Away from home and library

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Yesterday I was supposed to meet a client at a local coffee place, or so I thought. I wasn’t sure she had gotten the email, but I decided to go anyway. I figured I could arrive early, study til she came, then keep studying until they closed after she left. Or, if she didn’t come, I’d just study until they closed.

It turns out she didn’t get the email, so I texted her and we rescheduled. This gave me, in theory, several hours of uninterrupted study time since it turns out coffee shops, or at least this one, aren’t very busy and are actually pretty quiet at dinner time.

So I ordered myself a way overpriced chicken Caesar wrap and set to studying. I made it through several pages of the logical reasoning book and felt like I made some progress, even if it is very slow. I planned to stay long enough to finish a chapter of that and do a “game” or two, but it’s just too cold there.

I learned the hard way that when I’m so cold my jaw is chattering and my nose is dripping I can’t focus. I read things over and over and they weren’t sinking in or sticking like they usually do.

There’s a reason grad students flock to these places (there was a medical student next to me and a theology student a few tables over), and there’s a reason they’re all wearing layers and drinking hot beverages.

Lesson learned.

A good blog

One of the reasons I do this site is so others can find it when they’re headed down the same or similar path. I’ve found that the few other law student blogs I’ve found, even if they’re rarely updated or abandoned quickly, have been very helpful. I’ve mentioned before that the conversations I’ve had with other lawyers have been very helpful, but I’m looking for more. Not more quality, as the people I’ve talked to have been wonderful, but more quantity. Law school and the process of getting there are a huge investment of nearly every resource (time, money, energy, patience, and so much more) for me and my family, so I want to be as informed as possible. I want to make sure that this is really something I want to do and that I can do. So far, I am confident enough on both counts to continue full steam ahead. But I still keep looking for writings (blogs, books, columns) and asking (friends, classmates, relatives). Recently I was fortunate to discover Jordan at The Second Sunflower.

I read through most of her blog in a few days (which is why I didn’t get as much other things done in that time as I should have), back to just before she began law school, and I love it. Her writing is clear and helpful, her analysis is useful and well though-out, and her general attitude is wonderful.  Her perspective is unique and upbeat without being saccharine or bowdlerized. I think what I appreciate most about her writing, though, is that she admits the limitations of her perspective. She never takes things to the extreme of “my perspective is the only valid one” and admits her privilege while simultaneously not denying her challenges. She is fabulous.

I don’t want to keep writing too much about her blog because doing so about a personal blog quickly becomes more “evaluation of a person,” which is mostly judgment even when it is positive, than “evaluation of writing,” which I don’t particularly care about in this context.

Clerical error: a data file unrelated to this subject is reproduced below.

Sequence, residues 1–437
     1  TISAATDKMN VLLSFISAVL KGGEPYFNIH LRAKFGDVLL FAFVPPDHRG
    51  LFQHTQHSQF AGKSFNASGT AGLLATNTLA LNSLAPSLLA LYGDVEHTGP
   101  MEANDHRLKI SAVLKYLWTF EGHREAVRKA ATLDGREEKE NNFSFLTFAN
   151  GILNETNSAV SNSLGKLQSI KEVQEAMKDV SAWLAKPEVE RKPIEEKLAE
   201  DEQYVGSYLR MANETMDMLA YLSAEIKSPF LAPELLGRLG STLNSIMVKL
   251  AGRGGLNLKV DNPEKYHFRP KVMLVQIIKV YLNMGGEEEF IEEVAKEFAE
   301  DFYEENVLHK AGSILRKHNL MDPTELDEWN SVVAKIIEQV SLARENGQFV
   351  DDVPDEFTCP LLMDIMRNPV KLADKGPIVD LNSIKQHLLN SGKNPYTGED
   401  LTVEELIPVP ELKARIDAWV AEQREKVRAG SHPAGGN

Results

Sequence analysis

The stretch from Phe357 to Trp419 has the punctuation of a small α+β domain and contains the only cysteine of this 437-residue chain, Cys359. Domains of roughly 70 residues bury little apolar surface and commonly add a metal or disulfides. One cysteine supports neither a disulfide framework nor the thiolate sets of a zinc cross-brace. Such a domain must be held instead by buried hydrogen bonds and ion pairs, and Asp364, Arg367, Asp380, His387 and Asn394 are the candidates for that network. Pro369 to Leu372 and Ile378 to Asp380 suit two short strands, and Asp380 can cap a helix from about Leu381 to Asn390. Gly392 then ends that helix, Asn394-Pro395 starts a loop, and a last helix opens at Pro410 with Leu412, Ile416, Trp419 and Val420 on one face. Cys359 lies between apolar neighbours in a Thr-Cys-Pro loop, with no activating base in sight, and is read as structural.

I guess what I love most about it is that I got exactly what I was looking for from her site: a perspective on the law school experience. While she doesn’t update nearly as much as I’d like (so there would be more content and context), what she does post is helpful. For more of her writing, click here to read her posts on Ms. JD. I would like to hear more about her classroom experiences and how she studies and how she gets and seizes the opportunities that she has, and I hope someday she’ll write about that, but for now, what she’s doing is great.

I recommend The Second Sunflower without reservation.

Building excitement

I’ve read and worked through most of the first real chapter of the Logic Games Bible (chapter 3, the first two are more introductory (though definitely recommended reading)), and now that I’m only a few pages from the final exercises of the chapter I’m excited.

I looked ahead a few pages yesterday afternoon while I was reading and saw that the end of the chapter is several pages of “games” and their solutions and instead of fear and dread, I felt excitement. I know I won’t be able to answer all or even most of the questions and that most of them I do answer will probably be very wrong, but I can approach it with a little more calm now. I’m eager to try this time, to test what I’ve learned and see if I’ve actually learned anything. I want to conquer the “games” and my own stupidity.

In other news, I’ve solicited advice from three lawyers now, and the third, the one I was most intimidated by because of her impressive accomplishments and my personal relationship with her, asked me flat-out why I wanted to be a lawyer. I waited a few days before responding, not so I could come up with a clear answer, but because I was afraid I’d say something stupid and she’d think I’m stupid. Basically, I feel about this interaction the way I used to feel about the “games.”

When I did email her back, I think I got in most of the ideas, thought processes, and reasons for pursuing this, but they came out so jumbled and rambling I’m not sure I did myself any favors. We’ll see. She hasn’t gotten back to me yet. Though, honestly, I don’t know how I’d respond to someone who sent me what I sent her.